Lea Lublin: Retrospective

Cat. Lenbachhaus München

Exhibition catalogue, ed. by Stephanie Weber and Matthias Mühling
texts (German/English) by Monika Bayer-Wermuth, Thibault Boulvain, Catherine Francblin, Isabel Plante, Pierre Restany, Teresa Riccardi, Stephanie Weber and an interview by Jerôme Sans as well as the texts of the artist
352 p with 200 coloured illustrations
230 x 165 mm, half-cloth

ISBN 978-3-86442-128-0

(out of print)

Lea Lublin, nearly unknown, yet discovered

At the age of 12, Lea Lublin (*1929 in Poland, †1999 in Paris) joined at the Academy of Fine Arts in Buenos Aires; in 1968 she exhibited herself for three weeks alongside her 8 months old son in a Parisian museum; two years later one of her paintings was confiscated in Argentina and Lublin was charged with three months of probation for public indecency. In her exhibition »The Striptease of the Jesus Child« at Yvon Lambert's Paris-based gallery, Lublin inquired into the underlying eroticism in Christian painting. On the tracks of Marcel Duchamp in Buenos Aires, Lublin purloined the French artist's former letterbox as a piece of evidence for her theory of the ready-made . These are but some of the fascinating moments within the life and art of this Argentine-French artist whose work is still largely ­unknown to a broader international audience. Lublin's rigorous examination of the image as an ideological ­construct and her postulate for a more active role of the viewer continues to be of acute relevance until today. The expansive catalogue which accompanies the exhibition encompasses information on Lublin's entire career and production in all mediums spanning a period of more than three decades. Several essential chapters in the artist’s trajectory such as the abandonment of painting in favour of environments and actions, the use of dialogue as an art form, the deconstruction of art historical imagery and the inquiry into Marcel Duchamp’s sojourn in Buenos Aires find particular attention in the publication.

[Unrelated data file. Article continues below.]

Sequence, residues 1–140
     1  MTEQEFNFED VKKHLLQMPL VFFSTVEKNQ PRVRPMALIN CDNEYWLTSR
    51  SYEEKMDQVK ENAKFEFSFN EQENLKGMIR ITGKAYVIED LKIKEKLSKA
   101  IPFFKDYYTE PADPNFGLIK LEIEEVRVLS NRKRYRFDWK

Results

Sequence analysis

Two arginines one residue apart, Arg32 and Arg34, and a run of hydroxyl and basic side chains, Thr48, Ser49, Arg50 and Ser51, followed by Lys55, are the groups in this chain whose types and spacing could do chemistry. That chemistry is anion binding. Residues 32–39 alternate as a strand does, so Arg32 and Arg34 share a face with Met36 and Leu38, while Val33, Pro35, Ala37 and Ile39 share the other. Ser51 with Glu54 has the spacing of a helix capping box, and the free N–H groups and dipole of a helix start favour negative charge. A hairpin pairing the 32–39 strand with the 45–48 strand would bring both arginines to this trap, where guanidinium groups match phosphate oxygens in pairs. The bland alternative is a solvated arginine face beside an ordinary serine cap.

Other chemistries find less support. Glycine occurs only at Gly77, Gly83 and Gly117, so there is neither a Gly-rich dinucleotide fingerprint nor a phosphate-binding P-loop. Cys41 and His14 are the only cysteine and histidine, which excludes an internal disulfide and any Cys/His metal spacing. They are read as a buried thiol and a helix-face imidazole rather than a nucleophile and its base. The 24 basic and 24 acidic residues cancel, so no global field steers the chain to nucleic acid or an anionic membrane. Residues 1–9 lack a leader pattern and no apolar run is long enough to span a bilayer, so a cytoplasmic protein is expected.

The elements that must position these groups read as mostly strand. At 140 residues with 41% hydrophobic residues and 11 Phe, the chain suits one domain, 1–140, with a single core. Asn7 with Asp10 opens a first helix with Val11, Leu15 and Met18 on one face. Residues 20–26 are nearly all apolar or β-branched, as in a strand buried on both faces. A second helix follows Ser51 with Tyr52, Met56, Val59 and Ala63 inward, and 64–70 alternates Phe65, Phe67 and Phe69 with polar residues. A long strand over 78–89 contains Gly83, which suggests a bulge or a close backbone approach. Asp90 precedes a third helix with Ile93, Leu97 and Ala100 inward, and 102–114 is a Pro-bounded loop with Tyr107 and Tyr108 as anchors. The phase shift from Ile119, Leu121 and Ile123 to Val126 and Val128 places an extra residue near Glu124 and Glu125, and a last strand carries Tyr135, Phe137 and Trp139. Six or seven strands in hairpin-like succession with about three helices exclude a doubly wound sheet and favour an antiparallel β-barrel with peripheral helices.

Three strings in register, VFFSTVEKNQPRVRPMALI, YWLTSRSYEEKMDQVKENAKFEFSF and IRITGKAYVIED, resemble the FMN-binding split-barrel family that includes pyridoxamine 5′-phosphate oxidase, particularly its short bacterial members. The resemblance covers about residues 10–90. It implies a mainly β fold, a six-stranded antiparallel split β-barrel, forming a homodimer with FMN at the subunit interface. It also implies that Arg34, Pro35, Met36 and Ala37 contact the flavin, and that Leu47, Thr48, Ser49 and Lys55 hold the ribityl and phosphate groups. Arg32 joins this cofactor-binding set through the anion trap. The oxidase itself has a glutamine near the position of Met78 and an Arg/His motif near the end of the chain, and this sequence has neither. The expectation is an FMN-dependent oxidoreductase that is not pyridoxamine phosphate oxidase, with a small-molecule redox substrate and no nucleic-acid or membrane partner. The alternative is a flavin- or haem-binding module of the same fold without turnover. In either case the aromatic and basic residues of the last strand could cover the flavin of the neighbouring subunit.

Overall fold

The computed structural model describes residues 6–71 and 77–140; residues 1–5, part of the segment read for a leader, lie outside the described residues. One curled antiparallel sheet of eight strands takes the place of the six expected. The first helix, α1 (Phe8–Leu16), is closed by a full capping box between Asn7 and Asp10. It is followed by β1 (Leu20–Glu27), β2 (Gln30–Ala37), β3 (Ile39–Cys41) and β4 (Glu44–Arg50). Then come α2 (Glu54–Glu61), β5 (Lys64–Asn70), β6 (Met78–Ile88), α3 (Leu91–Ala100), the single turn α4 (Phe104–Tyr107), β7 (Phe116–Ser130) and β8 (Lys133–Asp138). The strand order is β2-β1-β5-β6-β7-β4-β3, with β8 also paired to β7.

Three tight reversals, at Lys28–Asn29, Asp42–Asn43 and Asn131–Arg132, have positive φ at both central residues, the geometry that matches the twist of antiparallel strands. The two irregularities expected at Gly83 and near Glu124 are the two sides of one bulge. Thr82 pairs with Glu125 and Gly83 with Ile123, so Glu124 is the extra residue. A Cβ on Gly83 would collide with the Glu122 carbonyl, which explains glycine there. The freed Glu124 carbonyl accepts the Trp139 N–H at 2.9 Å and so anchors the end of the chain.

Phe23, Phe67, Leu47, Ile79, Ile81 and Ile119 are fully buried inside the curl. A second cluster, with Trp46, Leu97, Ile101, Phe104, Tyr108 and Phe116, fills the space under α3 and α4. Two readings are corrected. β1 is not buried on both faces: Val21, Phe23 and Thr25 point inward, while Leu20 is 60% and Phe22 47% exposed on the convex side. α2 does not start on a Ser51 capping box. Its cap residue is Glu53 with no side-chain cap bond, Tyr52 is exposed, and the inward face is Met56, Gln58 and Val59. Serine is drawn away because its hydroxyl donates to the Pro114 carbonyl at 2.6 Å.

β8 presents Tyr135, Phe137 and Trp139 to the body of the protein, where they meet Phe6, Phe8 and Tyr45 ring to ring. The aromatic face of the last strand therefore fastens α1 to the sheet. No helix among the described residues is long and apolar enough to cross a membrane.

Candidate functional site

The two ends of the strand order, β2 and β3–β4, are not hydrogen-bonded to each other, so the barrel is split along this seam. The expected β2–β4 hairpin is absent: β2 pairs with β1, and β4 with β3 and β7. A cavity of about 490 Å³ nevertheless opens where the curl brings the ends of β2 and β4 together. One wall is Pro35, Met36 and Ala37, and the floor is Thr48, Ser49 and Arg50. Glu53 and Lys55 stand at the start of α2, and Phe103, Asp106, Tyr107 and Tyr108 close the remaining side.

Kunstbau Lenbachhaus München, 25/6–13/9/2015